If a specific test requires a huge amount of manual data input, it could be a very safe bet for automation. Adding endless data entries into a manual test is extremely inefficient, so automation is likely a more time-efficient option.

How accurate are your testing results?

If you are constantly having to cross-reference your test results to check for inconsistencies, human error could be interfering with your testing process. Automation can reduce the likelihood of this happening and run hundreds of test cases to discover bugs that may be missed by the human eye. 

How often do you repeat the test?

If you have been repeating the same test time and time again, automation could save you a lot of tedious manual work. The time spent writing a test case will likely be shorter than having to conduct manually repetitive and tedious testing. This will open up more time in your team’s schedule to start new projects or work on new features.

Does the test have longevity?

If your test is likely to be the same in 6 months time, and what you are testing isn’t expected to change, automation will be a time and cost-saving exercise. Locate the tests in your strategy that are rigid and unchanging, and set about automating them.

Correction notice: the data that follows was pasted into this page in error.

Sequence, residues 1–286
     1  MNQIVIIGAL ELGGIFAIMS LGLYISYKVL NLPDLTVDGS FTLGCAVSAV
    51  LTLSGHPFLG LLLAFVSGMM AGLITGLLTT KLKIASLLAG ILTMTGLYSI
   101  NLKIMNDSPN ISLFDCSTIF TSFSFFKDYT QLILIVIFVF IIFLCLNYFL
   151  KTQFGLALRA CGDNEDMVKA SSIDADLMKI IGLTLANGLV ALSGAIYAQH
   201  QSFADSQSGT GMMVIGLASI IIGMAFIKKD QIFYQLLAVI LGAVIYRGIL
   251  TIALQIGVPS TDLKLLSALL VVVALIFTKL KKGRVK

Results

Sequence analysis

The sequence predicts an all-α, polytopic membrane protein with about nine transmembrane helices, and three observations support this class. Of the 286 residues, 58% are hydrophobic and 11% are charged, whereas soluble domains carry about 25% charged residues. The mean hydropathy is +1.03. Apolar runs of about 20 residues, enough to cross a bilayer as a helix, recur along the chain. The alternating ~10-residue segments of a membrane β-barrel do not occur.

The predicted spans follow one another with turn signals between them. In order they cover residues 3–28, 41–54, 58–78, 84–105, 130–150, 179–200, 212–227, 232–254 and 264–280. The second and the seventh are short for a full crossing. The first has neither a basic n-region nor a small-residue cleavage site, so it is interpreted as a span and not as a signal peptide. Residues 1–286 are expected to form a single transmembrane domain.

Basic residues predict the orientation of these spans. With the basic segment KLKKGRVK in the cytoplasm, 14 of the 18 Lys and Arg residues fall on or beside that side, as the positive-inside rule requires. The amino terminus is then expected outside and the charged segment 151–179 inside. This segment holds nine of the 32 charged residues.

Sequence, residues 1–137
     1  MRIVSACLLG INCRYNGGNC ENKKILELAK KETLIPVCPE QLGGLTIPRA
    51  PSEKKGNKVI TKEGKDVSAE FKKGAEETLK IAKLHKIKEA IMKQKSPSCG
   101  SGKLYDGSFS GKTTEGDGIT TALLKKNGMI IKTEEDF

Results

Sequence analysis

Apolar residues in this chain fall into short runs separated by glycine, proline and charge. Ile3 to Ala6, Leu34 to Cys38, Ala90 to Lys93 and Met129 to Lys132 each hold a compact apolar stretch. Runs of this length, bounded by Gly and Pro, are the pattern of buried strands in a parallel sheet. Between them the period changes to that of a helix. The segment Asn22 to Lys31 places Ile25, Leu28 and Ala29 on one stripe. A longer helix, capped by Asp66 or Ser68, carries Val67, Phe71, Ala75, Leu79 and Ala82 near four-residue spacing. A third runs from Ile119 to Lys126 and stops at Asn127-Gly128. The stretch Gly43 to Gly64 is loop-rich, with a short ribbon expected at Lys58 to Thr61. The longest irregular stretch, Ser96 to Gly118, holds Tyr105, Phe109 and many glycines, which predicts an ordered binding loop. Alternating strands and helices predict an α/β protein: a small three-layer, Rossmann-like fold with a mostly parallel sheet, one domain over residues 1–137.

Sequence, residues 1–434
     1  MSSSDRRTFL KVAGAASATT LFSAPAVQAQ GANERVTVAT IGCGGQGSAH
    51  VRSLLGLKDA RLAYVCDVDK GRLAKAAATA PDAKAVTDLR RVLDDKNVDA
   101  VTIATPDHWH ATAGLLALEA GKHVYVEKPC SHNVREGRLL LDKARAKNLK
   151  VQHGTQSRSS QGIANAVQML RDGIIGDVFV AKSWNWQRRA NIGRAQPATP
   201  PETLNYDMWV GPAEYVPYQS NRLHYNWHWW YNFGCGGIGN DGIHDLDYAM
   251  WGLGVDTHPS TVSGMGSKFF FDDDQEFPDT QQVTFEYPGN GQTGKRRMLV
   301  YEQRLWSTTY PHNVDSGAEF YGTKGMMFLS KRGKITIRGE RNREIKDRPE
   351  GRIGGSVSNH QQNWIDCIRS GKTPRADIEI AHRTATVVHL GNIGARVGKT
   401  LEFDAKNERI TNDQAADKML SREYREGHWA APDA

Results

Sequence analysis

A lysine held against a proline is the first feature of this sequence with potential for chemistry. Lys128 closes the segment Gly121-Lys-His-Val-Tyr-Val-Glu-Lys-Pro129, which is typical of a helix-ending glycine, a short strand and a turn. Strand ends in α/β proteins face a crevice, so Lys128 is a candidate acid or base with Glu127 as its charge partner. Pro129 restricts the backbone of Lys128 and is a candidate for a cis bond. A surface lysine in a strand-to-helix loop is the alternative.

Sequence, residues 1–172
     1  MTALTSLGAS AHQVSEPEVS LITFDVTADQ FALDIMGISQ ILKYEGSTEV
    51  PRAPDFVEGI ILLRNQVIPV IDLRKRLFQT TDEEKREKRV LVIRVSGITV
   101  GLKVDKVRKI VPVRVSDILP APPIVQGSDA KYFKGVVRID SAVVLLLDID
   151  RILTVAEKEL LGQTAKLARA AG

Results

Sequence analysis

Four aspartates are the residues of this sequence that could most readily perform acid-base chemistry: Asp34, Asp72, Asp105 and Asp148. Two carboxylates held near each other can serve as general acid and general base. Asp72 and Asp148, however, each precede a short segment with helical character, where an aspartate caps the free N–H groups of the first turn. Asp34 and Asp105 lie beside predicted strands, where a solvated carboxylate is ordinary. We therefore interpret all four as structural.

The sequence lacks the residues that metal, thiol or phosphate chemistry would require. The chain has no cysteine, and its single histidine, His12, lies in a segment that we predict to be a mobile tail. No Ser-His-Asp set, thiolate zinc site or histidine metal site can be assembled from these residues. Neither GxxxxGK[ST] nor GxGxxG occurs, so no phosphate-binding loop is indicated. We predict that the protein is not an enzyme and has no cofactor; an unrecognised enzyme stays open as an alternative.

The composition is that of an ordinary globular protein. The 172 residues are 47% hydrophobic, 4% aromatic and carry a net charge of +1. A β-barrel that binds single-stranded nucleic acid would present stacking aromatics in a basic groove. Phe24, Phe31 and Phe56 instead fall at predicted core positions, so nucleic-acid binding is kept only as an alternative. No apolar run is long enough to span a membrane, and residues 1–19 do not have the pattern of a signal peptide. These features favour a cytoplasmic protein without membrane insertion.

Do you require validation of a predetermined idea?

If you know what you want to test exactly, and points 1- 4 apply, automation testing would be a fantastic option. Automation either confirms or denies pre-written test cases, and pre-determined ideas, so if you know what it is exactly you are wanting to test automation testing is fantastic for reducing the margin of human error and delivering high-quality results.

Decide what doesn’t need automating. 

A well rounded QA strategy uses a blend of manual and automated testing. 

Fine-tuning your testing means deciding which tests are better suited to which different testing strategies. If your testing tool kit is wide-reaching, you will get a wider testing coverage, and catch more bugs.

With that in mind, deciding what doesn’t need automating is a key step in starting to incorporate automaton testing. Not every method of testing can be automated: some require human creativity to be conducted successfully.